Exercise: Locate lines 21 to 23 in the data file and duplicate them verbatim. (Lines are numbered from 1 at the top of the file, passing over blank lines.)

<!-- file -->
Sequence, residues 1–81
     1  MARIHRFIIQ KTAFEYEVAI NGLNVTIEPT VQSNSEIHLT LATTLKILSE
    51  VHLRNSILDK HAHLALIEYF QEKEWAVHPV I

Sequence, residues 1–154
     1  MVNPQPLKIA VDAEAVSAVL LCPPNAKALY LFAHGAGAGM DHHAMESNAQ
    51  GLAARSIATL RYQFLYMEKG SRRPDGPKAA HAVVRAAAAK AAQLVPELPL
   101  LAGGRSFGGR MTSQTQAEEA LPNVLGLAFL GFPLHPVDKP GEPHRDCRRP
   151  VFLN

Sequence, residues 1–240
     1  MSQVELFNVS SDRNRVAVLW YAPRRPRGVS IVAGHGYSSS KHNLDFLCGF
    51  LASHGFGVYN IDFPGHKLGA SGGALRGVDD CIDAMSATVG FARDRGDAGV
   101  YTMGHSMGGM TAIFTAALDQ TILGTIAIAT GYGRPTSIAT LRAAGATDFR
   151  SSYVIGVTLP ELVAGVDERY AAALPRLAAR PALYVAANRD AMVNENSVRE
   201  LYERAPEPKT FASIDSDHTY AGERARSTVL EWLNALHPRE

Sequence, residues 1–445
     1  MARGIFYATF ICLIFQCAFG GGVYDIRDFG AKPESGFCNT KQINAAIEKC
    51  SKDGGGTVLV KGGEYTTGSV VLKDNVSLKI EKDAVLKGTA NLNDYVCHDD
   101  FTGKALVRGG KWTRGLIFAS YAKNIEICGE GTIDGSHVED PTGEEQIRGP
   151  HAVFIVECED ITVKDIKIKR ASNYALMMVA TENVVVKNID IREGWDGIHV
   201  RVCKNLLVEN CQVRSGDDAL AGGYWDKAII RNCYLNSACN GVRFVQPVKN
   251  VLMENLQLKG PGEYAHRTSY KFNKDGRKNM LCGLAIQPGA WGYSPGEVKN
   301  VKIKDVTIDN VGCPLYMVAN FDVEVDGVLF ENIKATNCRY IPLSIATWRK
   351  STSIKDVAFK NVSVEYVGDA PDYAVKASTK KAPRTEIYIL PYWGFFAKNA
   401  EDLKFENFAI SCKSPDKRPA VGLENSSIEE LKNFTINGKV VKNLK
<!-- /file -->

   251  VLMENLQLKG PGEYAHRTSY KFNKDGRKNM LCGLAIQPGA WGYSPGEVKN
   301  VKIKDVTIDN VGCPLYMVAN FDVEVDGVLF ENIKATNCRY IPLSIATWRK
   351  STSIKDVAFK NVSVEYVGDA PDYAVKASTK KAPRTEIYIL PYWGFFAKNA